No one knew this lesson about life better than Ya’akov Avinu, which means that there might be a different way to learn Rashi. We learn it through our eyes. We need to learn it through his.
THIS MEANS THAT God did not send the Yosef fiasco specifically to interrupt Ya’akov’s tranquillity. He sent it to tell Ya’akov that he wasn’t done yet, that he still had more to accomplish in this world and more reward to gain in the World-to-Come.
Understandably, he was tired. He had been through a lot. He had survived Eisav and then Lavan. He even fought with an angel and prevailed. He had to persevere the violation of his daughter Dinah, and the war that almost happened with the people of Canaan.
But God gives us the strength we need to do what we must when it comes to surviving our challenges and increasing our reward in the World-to-Come. If a person appreciates the value of a single moment of spiritual challenge, then God will give them the challenge, and the wherewithal to meet it. Not out of anger, or disappointment, but out of love (Brochos 5a).
Next week begins the eight days of Chanukah. They celebrate the miracle of the oil that burned for seven extra days, and the fact that one jar of pure oil remained even for one day. We’ll light 36 candles altogether to allude to the fact that the Ohr HaGanuz is in the Ner Shel Chanukah, somehow, somewhere.
Another name for this light is the Ohr HaNissi—Miraculous Light. All miracles that happen in history are the result of this light, especially when they lead to redemption. It is the light that is the basis of Torah and even our souls. When this light emanates, more results in life than can be explained by the laws of physics. We have all witnessed this in our own lives at some time. Most just don’t realize why it has happened.
This is a fundamental lesson of Chanukah. The Talmud says that if a person sanctifies themself a little, Heaven will sanctify them a lot (Yoma 38b). It’s another way of saying that we don’t have to know specifically where we’ll get the energy or resources to do a mitzvah that seems beyond our capability. We just need to know that if we get things started, God will pick up the slack.
The Midrash says that God tells the Jewish people to make an opening the size of pinhole, and He will drive a wagon through it. It might work in cartoons, but how does that actually work in real life? Every situation is different, and God works in mysterious ways. Sometimes He shares His methods with us, most of the time He doesn’t.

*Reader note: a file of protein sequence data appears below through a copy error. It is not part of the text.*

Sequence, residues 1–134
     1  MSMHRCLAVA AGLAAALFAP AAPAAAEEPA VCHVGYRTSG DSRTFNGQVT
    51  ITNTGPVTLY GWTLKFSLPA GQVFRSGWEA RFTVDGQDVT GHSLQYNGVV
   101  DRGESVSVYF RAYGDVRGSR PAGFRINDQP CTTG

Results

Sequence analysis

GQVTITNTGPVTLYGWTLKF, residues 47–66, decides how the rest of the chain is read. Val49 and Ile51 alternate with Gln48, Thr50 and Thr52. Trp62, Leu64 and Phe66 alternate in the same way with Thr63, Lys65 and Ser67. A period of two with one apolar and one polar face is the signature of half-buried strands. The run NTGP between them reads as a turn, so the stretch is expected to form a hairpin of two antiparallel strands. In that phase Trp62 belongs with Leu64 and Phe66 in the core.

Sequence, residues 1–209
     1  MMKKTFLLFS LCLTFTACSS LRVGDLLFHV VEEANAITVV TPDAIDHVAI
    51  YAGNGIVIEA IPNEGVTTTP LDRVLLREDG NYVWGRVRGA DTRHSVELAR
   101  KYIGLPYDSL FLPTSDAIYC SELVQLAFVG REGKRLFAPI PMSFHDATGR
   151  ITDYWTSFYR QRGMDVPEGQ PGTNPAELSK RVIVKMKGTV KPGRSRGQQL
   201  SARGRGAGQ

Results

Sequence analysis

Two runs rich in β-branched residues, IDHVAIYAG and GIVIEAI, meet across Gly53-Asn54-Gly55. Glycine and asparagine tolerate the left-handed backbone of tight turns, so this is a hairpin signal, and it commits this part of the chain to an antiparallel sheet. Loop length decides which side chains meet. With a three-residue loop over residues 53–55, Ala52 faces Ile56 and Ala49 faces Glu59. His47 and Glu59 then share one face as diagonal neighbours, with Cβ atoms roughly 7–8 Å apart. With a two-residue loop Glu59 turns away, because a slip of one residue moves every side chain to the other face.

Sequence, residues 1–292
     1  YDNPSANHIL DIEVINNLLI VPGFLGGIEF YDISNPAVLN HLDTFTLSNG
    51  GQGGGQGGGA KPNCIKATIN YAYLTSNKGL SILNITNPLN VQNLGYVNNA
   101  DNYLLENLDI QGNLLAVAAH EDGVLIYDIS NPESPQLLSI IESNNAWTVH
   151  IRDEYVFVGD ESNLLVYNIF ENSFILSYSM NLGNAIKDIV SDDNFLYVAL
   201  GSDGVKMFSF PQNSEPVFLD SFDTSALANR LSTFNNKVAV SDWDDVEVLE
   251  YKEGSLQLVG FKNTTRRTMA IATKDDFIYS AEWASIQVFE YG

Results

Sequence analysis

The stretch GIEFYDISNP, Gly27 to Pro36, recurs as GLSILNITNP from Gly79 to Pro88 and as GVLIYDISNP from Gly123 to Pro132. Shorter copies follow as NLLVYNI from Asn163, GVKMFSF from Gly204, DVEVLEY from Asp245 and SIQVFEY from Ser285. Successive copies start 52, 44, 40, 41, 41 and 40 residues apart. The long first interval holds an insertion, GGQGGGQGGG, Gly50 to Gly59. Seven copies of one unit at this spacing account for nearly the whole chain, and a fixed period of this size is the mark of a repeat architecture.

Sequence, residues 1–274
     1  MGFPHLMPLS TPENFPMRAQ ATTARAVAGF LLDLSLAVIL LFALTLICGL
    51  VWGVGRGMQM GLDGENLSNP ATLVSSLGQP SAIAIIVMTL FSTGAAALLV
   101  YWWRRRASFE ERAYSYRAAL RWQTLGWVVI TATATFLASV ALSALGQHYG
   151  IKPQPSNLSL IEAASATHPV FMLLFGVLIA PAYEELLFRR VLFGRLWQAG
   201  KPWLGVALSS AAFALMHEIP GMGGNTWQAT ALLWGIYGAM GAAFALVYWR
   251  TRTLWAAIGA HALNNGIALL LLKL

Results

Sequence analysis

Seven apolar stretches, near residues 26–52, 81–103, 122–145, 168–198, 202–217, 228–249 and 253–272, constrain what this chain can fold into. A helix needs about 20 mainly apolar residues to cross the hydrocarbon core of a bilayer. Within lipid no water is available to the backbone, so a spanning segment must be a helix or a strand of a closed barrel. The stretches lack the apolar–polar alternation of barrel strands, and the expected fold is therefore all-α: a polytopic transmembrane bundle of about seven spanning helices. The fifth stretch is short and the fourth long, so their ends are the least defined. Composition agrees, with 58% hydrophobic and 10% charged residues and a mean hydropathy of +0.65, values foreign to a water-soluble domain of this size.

But does it really matter? The main thing is that we showed up, did the best we could, and remained willing to get the job done. How God makes that happen is His business. Ours is to trust that He will, and to know that physical limitations don’t stop Him from accomplishing what has to get done. Taking that message to heart itself is extremely liberating.
WHETHER OR NOT one lights a menorah for every member of the household depends upon one’s tradition. However, whoever does light the menorah must follow the opinion of Bais Hillel, that the mehadrin min hamehadrin, the most beautiful way to perform the mitzvah, is to light a single candle on the first night of Chanukah, and then an additional candle each subsequent night.
The Talmud does not explain why an additional candle is added each day of the holiday. However, doing so means lighting thirty-six candles over eight days, and the question is, is this incidental or intentional?
It certainly seems like the latter from the Talmud. Besides, what if the oil had burned for six extra days, or nine, making the total candles 28 or 45? It only needed to burn for seven extra days because that is the time it took to make new pure olive oil for the mitzvah, a technical reality.
The truth is, it is just the other way around. The holiday needed to be eight days long because that is the number that alludes to the supernatural relationship between God and the Jewish people. This is why Bris Milah, which symbolizes that unique relationship, is on the eighth day from birth. Moshiach is destined to come in the eighth year of a Shmittah cycle because all redemptions are supernatural.
Clearly Chanukah belongs to this realm as well, as we say during Chanukah:
You, in Your great mercy, stood up for them in their time of trouble, and fought their battle, judged their judgment, took revenge for them, and handed over the strong to the weak, the many to the few, the impure to the pure, the evil to the righteous, and the scoffers into the hands of those who learn Torah.
Therefore, the number eight is not incidental, and neither is the number thirty-six. In fact, the miracle and victory occurred in 3597 (165 BCE), in the 36th century from Creation. Chanukah had to be an eight-day holiday, as we sing:
From the remainder of the jars,
a miracle was done for the shoshanim.
The children of Binah (understanding),
they established eight days of shir urnanim.
Binah is the eighth of ten sefiros, spiritual filters through which God implements His plan for Creation. It is a light of understanding, one that was necessary at that time of history especially as the Jewish people were about to enter their fourth, final, and longest exile. The events of Chanukah made that possible, and to understand how is to understand the indispensable meaning of the number thirty-six. The Light of Thirtysix: Accessing the Hidden Light of Creation On A Daily Basis (Paperback, Kindle, and PDF).
- That is, one candle on the first night, two candles on the second night, etc., and eight candles on the eighth night, for a total of 36 candles over the course of eight days. ↑
- Sanhedrin 97a. ↑